Here is what a Dubai-Sharjah metro link could mean

So the only possible solution, according to Shakir, to ease the congestion could be a metro link.

Morning rush hour traffic from Sharjah to Dubai near Al Qiyada metro station. Image Credit: Virendra Saklani / Gulf News

Dubai: A metro link connecting Sharjah with Dubai’s Green Line could reduce traffic on the congested highways between the emirates by more than 30 per cent, a new study has found.

Conducted by Aurecon, a Dubai-based international transport planning firm that works closely with the local transport authorities, the study highlights the economic impact of congestions between the two emirates and shows how a direct link between Al Qiyada metro station and Sharjah City Centre could offset at least a third of the current traffic problems.

Gulf News got an exclusive access to the study that is most likely a first look into the possibility of linking the two emirates with the metro. 

“There could be more than one ways of linking the two emirates through the metro and this is one such hypothetical scenario of what could happen if a metro link is built between Dubai and Sharjah,” said Nadeem Shakir, technical director at Aurecon, who headed the study.

The study found that currently, the five corridors between Dubai and Sharjah witness 900,000 vehicular trips daily, with 450,000 passing in each direction. The combined peak direction flow on Ittihad Road, Damascas Street, Beirut Street, Mohammad Bin Zayed Road and Emirate Road is 40,000 vehicles or 52,000 passengers per hour during the morning peak hours.

“The five corridors in total have a capacity of 33,200 vehicles per hour, but somehow through a lot of squeezing around 40,000 vehicles use the highways per peak hour, causing delays of up to two hour 40 minutes. We calculated the economic impact of the time and fuel lost during these delays and found that Dh4.3 billion is lost per year,” said Shakir.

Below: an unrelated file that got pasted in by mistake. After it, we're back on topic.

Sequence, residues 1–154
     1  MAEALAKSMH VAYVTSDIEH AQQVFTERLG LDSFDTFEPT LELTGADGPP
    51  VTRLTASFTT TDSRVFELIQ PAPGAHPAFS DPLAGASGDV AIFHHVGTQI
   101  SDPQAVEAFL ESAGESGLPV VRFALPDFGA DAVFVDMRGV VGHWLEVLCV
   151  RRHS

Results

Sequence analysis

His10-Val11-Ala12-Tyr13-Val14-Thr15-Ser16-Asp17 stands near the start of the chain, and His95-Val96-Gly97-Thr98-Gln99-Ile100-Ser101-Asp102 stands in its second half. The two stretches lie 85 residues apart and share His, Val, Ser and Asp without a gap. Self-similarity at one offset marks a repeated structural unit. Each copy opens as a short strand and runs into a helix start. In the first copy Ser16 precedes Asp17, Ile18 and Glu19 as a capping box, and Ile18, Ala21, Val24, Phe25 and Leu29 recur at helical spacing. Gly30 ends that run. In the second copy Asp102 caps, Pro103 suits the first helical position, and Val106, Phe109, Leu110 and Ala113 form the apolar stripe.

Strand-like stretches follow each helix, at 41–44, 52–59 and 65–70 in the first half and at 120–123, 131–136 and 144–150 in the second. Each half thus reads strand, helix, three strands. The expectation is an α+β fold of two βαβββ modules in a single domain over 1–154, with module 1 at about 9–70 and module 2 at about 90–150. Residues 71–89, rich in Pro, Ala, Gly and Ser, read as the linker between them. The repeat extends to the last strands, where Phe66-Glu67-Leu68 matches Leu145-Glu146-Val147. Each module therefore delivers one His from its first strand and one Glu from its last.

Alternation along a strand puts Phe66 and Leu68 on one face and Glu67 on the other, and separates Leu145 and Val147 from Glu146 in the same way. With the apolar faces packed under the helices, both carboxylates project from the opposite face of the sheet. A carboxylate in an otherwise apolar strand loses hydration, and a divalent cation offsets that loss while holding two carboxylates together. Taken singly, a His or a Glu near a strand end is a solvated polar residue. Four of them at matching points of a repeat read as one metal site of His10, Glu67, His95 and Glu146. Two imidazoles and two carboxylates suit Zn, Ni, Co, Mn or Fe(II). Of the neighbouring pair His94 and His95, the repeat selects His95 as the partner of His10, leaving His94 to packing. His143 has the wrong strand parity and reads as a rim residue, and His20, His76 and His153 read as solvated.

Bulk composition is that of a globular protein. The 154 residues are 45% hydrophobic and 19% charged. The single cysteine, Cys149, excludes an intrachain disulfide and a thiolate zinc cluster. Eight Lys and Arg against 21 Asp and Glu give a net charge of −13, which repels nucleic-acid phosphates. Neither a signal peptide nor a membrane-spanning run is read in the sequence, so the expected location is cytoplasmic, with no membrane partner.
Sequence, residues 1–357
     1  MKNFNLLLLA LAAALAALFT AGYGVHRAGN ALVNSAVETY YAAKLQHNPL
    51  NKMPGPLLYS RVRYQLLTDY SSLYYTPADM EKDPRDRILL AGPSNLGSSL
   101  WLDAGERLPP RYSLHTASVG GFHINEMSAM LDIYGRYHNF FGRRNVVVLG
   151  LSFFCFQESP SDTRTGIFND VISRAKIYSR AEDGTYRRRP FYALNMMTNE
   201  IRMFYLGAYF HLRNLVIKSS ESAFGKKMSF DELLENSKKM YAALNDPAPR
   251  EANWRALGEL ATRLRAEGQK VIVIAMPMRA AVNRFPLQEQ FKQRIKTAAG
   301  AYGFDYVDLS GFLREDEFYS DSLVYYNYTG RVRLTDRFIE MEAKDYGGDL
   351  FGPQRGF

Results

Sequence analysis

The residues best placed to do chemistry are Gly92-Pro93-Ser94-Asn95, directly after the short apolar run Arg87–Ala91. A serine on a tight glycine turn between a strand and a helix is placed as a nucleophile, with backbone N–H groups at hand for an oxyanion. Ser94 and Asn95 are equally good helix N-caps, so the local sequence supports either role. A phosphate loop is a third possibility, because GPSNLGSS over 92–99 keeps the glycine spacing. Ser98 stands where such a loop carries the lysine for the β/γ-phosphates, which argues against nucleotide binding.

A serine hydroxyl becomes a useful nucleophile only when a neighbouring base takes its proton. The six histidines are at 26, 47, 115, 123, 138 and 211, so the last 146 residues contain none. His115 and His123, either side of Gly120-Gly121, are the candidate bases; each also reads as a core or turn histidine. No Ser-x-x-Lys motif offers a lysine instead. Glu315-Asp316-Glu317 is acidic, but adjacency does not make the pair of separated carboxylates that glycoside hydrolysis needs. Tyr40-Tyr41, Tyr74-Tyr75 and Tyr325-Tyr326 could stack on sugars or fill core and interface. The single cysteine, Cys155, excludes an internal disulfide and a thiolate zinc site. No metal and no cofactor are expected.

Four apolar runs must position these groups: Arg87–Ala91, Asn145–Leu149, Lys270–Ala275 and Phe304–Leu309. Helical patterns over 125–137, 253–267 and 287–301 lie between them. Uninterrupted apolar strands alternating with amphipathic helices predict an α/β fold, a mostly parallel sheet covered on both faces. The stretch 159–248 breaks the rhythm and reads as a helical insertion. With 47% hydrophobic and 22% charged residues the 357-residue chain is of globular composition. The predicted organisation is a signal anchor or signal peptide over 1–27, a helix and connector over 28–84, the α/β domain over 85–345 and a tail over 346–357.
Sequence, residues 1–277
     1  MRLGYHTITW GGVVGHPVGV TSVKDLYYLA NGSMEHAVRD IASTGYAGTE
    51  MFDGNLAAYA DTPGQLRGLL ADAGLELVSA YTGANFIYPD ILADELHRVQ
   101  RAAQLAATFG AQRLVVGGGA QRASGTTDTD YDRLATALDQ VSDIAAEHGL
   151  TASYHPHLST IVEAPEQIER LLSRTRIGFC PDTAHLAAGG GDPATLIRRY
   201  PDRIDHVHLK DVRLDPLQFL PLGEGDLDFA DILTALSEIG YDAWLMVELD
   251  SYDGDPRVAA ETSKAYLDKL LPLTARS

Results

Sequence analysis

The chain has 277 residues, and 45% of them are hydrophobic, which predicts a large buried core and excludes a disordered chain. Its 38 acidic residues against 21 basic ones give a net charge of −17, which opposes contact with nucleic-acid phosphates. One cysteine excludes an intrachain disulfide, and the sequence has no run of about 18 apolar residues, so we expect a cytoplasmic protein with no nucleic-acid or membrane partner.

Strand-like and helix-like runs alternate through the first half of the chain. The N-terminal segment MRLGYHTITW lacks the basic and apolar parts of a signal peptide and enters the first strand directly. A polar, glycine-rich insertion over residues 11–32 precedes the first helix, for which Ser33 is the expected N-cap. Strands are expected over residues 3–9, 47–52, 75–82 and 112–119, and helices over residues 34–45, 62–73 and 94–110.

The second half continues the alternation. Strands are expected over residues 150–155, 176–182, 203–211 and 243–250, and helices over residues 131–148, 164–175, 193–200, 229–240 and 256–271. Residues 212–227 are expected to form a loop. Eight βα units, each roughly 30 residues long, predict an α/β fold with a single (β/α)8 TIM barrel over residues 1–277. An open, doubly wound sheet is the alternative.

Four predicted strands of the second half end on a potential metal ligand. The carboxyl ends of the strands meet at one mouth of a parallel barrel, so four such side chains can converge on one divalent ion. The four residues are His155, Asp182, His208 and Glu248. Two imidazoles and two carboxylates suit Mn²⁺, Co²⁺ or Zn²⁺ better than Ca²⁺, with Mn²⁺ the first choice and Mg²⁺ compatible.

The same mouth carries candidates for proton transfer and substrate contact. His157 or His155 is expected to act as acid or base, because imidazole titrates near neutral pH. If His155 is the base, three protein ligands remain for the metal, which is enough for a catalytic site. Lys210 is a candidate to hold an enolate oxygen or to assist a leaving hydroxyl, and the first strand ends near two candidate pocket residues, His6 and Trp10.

He added that an equivalent amount would be enough to build a 12km metro line per year.

Shakir observed that increasing the lane capacity between the emirates is neither possible nor it will help ease congestion.

“The border lane capacity increase will not help since the inflow/outflow from and to the border crossing is dictated by the road network on the either side of border. The road network on Sharjah side is limited due to corridors and ROW constraints,” he said.

Metro connectivity

So the only possible solution, according to Shakir, to ease the congestion could be a metro link.

“We developed the hypothetical direct link of 7.5km between Al Qiyadah station and Sharjah City Centre, with no stations in between. Such a project could be built at a cost of Dh3 billion, almost 30 per cent less than the amount lost in traffic congestion annually and this could help in transporting around 16,000 passengers per peak hour out of the 52,000 passengers that currently use private vehicles,” said Shakir.

Using the demand-supply elasticity model, the study found that about 30 per cent of the private vehicular demand plus some of the existing demand on the buses will divert to the metro system.

“The link will see a total boarding plus alighting at the Sharjah City Centre station of about 22,000 passengers/hour (both directions) during the peak hours. This is massive demand and it will require a huge terminal area plus integration facilities to make it work, approximately twice the size of Union Square Metro Station in Dubai,” added Shakir.

However, to support the passenger demand, the study showed that a train would be running at a frequency of 2.5 minutes during peak hours. More

By Shafaat Shahbandari, Staff Reporter